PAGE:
It’s not hard to understand why the Iranian government is cheering events in Egypt. Watching what’s going on in Egypt right now must be hard for American diplomats and CIA personnel on the job long enough to remember what happened in Iran in 1979. The two situations are eerily similar in many respects, and not just in the rhetoric of their faltering leaders. Ponder the similarities:
* Mubarak is an autocratic ruler who has been in power for decades, as was the Shah. In both cases they have been supported by the United States even though we don’t really like them but because we think they’re a crucial partner in a strategic region (during the Cold War the boogie man was the USSR with which Iran shares a 1,000+ mile border, today the boogie man is terrorism).
* In both cases, the White House administration in office during the unrest is one that talks a good talk when it comes to human rights promotion in general but doesn’t necessarily walk the walk when it comes to the country in question (Carter of course talked about human rights more than any other president but it’s hard to point to any lines he ever drew in the sand with regard to Iran’s treatment of its own people as he was agreeing to deliver, for instance, more AWACS military surveillance aircraft than the U.S. itself had deployed at the time).
* In neither case has the army turned out to be nearly as loyal to the ruling faction as it had been assumed beforehand (in Egypt Mubarak is of course a former military officer so the military’s apparent siding with the protesters is a bit of a shock; in the case of Iran the army has always been associated closely with the king, so much so that it came close to being disbanded out of mistrust under the Islamic Republic). Coincidentally, Mubarak’s chosen branch of service was the Air Force, as was the Shah’s.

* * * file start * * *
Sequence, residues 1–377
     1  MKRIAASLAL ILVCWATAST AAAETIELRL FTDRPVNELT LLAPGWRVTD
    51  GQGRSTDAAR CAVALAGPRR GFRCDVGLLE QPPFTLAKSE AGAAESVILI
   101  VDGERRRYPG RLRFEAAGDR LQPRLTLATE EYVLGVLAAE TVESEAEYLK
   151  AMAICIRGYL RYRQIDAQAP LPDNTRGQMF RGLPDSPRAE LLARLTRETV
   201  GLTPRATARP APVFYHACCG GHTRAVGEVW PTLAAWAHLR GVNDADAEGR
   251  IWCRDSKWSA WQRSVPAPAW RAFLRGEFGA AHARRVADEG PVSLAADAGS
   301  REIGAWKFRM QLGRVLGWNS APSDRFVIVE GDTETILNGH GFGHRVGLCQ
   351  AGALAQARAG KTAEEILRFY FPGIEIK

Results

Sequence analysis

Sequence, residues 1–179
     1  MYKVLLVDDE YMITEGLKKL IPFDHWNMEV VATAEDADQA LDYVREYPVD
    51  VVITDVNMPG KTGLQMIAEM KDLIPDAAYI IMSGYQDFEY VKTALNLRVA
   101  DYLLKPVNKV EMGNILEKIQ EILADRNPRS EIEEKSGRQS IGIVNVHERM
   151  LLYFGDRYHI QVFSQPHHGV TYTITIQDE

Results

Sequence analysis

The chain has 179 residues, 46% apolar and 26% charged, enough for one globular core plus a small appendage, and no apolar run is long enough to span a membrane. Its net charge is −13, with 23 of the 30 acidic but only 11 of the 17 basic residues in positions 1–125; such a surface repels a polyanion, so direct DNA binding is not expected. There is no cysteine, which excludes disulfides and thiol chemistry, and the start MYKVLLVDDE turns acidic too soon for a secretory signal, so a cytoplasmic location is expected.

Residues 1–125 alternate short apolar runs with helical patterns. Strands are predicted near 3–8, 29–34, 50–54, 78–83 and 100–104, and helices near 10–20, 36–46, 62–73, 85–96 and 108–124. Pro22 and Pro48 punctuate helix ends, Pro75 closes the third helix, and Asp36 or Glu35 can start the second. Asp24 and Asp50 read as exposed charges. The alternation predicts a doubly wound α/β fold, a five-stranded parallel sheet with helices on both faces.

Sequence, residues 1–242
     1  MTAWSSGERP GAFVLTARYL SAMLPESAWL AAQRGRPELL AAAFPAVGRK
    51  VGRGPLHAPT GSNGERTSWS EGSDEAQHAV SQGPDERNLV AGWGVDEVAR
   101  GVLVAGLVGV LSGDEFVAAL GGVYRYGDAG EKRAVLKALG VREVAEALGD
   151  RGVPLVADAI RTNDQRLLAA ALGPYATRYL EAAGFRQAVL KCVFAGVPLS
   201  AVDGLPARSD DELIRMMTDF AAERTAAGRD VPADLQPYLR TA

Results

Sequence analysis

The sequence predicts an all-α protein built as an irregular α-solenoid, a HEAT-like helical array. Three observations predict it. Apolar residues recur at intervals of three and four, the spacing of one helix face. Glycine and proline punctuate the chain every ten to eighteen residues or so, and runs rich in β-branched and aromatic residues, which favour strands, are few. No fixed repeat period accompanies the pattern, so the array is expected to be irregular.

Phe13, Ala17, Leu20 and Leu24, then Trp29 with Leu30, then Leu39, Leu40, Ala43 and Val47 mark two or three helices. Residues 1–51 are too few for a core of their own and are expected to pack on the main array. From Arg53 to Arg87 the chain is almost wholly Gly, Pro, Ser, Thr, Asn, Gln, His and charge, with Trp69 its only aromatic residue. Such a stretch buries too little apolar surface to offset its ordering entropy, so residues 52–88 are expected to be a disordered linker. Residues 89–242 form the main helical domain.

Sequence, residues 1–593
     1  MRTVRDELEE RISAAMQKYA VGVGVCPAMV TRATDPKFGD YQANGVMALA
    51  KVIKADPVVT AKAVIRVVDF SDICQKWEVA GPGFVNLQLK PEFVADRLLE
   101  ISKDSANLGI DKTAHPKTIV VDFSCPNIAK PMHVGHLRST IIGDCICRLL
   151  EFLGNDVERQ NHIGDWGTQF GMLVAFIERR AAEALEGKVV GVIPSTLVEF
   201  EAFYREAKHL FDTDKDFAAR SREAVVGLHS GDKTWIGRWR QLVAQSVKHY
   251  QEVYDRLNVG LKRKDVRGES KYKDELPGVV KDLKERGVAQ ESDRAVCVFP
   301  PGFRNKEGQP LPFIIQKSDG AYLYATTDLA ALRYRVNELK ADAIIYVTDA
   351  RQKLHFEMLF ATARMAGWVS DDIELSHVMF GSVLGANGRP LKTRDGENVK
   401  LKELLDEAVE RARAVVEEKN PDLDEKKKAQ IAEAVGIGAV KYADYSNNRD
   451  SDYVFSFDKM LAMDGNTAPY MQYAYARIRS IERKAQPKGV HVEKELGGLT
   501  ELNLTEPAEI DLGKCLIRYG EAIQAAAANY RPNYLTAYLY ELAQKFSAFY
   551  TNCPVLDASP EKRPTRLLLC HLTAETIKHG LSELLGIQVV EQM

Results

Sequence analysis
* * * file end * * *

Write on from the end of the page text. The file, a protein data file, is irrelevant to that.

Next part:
* In both cases the autocratic ruler has announced a last ditch change in government (while maintaining the head himself) in hopes it will assuage the public unrest.
* In both cases the rulers even have relationships with Israel that are out of step with those of the surrounding region, not that that’s directly related to the current unrest.
* Egypt, like Iran during the Shah’s rule is notorious for corruption.
* In both cases there is an easy link to U.S. support of the regime. In the case of Iran there were countless examples. In Egypt today, protesters are picking up tear gas canisters fired by the police and realizing that they have “Made in the U.S.A.” stamped on them.
* In both cases you have an American government unprepared for the situation. Vice President Biden’s foolish recent comments that Mubarak isn’t a dictator and shouldn’t step down echo Carter in the waning days of the Shah’s rule.
* In both cases, Americans by and large are unaware of of the situation in Egypt and their perceptions of the country are rooted in ancient stories and stereotypes.
* In both cases there is a popular figure who returns amidst the chaos who has called for reforms while outside of the country for years (in the case of Iran this was of course Khomeini; in the case of Egypt this is Mohamed ElBaradei). Though this connection is tenuous at best since ElBaradei wasn’t exiled by Mubarak and there is no religious authority he can claim.
* Ironically, the Shah himself is buried in Egypt (which is where he fled to from his own country in 1979 while Mubarak was serving as vice president).
(One missing key element from all these comparisons though is that Mubarak has not tied his fates to the success of any far-reaching, lopsidedly carried out and ill-paced modernization program like the Shah’s White Revolution.)
So the question is, which side of history will the United States end up on this time around?
Update: While I’m listing similarities, I might as well also mention the low hanging fruit of comparisons– the ones that are so obvious that I didn’t mention before when I was typing up this post. For instance, both governments hold elections regularly but they’re also recognized universally as rigged. Both governments have rubber stamp legislative branches. In both countries human rights advocates have long-complained of torture and an unfair judicial system, both countries have been the recipients of staggering US military aid (Egypt receives $1.5B worth annually; in the case of Iran however most outright aid had ceased in the mid 1960s and by the late 1970s all military transactions were conducted on a cash basis because Iran was flush with oil money after OPEC staged a series of oil price increases), etc.